Efficient and Attractive: Believe It Or Not, It's the US Post Office
BOSTON — BILL MEUSE points to shelves of prepackaged stamps and mailing supplies displayed along his post office wall - everything from envelopes and postcards to dozens of different stamps. The ``wildflowers'' have been the most popular commemorative stamps, he says, ``but then there's Elvis, and who gets tired of Elvis?''
Mr. Meuse is manager of the new Postal Retail Store that opened in August in Boston's Prudential Center. His store is one of 48 Postal Retail Stores nationwide opened by the United States Postal Service (USPS) since 1989. The Postal Retail Stores are anything but typical. Forget long lines and mug shots on the walls. These new stores sport 20th century efficiency and decor.
Rather than wait in the full-service line, customers can select stamps, collectibles, and mailing supplies directly off shelves and purchase them at cash registers located on the sales floor. This new system has greatly reduced lines at the full-service counter, and that, Meuse contends, has been good for business. (According to the USPS, 40 percent of customers standing in the full-service line are buying commemorative stamps.)
During their first year of operation, Postal Retail Stores nationwide have increased profits, on average, 65 percent compared with traditional post offices, says Nancy Wood, program manager for the project at USPS headquarters in Washington. Some stores have seen 200 percent to 300 percent increases, she adds.
In an effort to improve customer service and boost its corporate image, the Postal Retail Store has become ``the new standard for post offices across the country,'' says Elizabeth Lerch, program architect.
``We're trying to establish a corporate identity - a corporate professional experience for our customers that makes it convenient and easy for them to do business with us,'' Ms. Wood says.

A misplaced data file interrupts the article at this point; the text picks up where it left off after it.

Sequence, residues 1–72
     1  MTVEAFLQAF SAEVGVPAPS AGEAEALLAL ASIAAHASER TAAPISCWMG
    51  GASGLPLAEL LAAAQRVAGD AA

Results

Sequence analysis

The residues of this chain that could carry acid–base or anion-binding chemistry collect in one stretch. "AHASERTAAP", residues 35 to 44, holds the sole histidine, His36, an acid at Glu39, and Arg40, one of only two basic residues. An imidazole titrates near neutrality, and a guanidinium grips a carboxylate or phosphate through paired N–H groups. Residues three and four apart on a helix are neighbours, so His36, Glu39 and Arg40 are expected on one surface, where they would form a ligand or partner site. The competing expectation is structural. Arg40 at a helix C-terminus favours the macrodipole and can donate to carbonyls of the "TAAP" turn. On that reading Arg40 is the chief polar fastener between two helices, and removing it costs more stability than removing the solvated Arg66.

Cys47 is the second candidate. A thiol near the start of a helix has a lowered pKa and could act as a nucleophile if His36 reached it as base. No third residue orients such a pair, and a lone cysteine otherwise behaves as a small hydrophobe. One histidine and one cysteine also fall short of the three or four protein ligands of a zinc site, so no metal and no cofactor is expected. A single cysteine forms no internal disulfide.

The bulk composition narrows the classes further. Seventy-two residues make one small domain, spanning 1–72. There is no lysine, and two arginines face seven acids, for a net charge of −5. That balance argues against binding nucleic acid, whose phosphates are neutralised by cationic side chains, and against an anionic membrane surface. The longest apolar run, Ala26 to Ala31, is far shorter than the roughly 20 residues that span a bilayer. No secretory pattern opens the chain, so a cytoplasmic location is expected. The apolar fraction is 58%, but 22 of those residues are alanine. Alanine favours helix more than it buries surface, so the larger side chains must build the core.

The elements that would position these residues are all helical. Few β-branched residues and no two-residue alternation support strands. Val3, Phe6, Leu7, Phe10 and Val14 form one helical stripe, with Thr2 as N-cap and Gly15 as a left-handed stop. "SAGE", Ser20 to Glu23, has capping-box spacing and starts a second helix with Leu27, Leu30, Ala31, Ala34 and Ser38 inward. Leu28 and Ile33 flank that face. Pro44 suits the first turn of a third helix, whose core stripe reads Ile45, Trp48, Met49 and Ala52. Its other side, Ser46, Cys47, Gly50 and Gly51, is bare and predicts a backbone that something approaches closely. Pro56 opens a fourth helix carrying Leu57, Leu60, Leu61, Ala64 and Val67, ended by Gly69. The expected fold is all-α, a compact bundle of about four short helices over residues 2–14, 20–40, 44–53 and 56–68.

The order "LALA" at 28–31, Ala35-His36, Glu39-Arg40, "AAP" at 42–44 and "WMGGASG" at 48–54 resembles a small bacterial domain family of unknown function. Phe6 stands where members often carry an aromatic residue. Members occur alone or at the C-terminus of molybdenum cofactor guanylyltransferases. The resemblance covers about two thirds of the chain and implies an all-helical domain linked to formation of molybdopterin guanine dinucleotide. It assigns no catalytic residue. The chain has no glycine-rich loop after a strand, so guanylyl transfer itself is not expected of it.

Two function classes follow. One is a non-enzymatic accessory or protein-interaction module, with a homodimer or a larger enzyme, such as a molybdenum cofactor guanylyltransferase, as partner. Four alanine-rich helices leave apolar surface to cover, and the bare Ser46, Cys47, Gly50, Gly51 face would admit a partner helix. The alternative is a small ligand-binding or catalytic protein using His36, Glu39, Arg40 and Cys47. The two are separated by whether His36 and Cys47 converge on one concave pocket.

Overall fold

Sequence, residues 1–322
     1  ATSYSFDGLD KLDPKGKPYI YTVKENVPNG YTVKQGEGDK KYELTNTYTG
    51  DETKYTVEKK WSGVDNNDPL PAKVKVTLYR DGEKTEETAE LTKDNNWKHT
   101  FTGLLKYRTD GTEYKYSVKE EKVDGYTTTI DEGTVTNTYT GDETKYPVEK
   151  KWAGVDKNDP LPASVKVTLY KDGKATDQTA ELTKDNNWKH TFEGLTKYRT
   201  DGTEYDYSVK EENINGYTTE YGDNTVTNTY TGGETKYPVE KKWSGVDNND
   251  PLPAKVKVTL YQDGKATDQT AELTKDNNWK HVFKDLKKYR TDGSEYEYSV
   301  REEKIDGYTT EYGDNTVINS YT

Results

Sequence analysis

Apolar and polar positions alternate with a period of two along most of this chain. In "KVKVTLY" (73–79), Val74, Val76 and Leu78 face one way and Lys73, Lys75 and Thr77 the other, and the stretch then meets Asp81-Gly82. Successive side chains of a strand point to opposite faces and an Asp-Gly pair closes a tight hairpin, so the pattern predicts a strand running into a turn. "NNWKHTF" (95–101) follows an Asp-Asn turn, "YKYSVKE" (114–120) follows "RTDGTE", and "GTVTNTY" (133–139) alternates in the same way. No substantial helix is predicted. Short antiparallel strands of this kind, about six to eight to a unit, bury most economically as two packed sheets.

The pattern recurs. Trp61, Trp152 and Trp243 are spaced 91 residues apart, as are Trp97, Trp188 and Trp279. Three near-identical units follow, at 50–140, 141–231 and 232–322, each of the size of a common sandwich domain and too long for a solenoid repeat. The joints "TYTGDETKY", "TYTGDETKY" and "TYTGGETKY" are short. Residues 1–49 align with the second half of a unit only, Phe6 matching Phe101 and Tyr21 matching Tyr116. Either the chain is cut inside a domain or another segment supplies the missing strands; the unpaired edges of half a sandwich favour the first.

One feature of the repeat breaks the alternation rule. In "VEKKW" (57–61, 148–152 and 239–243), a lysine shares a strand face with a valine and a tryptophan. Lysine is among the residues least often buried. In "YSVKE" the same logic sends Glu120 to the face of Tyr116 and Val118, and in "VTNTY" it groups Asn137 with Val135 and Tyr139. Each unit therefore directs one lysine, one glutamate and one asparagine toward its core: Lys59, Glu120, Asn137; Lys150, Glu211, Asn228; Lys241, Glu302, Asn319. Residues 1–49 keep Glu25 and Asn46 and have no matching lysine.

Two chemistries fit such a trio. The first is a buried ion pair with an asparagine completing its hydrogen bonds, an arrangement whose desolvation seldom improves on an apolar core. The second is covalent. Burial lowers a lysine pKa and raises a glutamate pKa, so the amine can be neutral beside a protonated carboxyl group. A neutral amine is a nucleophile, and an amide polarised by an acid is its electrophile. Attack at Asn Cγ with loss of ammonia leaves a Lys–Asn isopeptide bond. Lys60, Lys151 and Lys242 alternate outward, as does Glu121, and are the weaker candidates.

The Postal Service, which has 35,000 post offices nationwide, plans to open 200 to 300 Postal Retail Stores a year for the next five years, Wood says. Some of the stores will be newly constructed and others will be renovations of existing post offices.
Not all of the retail stores will take the form of open merchandising (where merchandise is displayed on shelves), Ms. Wood says, but all of the stores will have the same look and concept. ``This [store] goes a long way in perception alone,'' Meuse says. ``It's brighter, [and] it's larger than most traditional post offices.''
THE stores, which sport a red, white, and blue decor (the USPS's corporate colors), carry the same products and provide the same services as traditional post offices: computerized scales for customers to weigh packages, vending machines to purchase stamps, post office boxes for rent, plus a full-service counter. But the new layout encourages self-service.
``You can do more by yourself,'' says Boston resident Monica Matthews, standing at one of the self-service counters pasting mailing labels onto her packages. She says she is a regular customer.
``I haven't got a clue as to how it works, but I'm fascinated by all of the stamps,'' says Francis Johnson of Arlington, Mass., browsing through the store for the first time. ``It's a nice way to be competitive with all of the other mailing [stores],'' she adds.
And competing with the competition, such as United Parcel Service Inc., Federal Express Corporation, and private postal service centers such as Mail Boxes Etc., is part of the plan. ``As a company, we're doing a much better job of marketing than we've ever done before,'' Meuse says. ``It's a new focus because there is competition out there, for one thing.''
The USPS originally dubbed its Postal Retail Store the ``Store of the Future,'' Wood says. But when the USPS started building so many stores, the idea was no longer ``future.''
The retail stores ``also bring something to [employees' jobs] that wasn't necessarily there, and that is self-marketing,'' Meuse says. Postal employees working in the retail stores must complete a training course on merchandising and customer service.
Post offices that will not come up for renovation under the retail store plan, Wood says, will be ``moderately updated'' under a new project that the Postal Service hopes to roll out sometime in fiscal year 1995.
The USPS has also launched ``Project Pride,'' a program to bring all US post offices up to ``minimum standards'': that includes removing clutter from the walls, cleaning the floors, and painting the post offices with the USPS's corporate colors.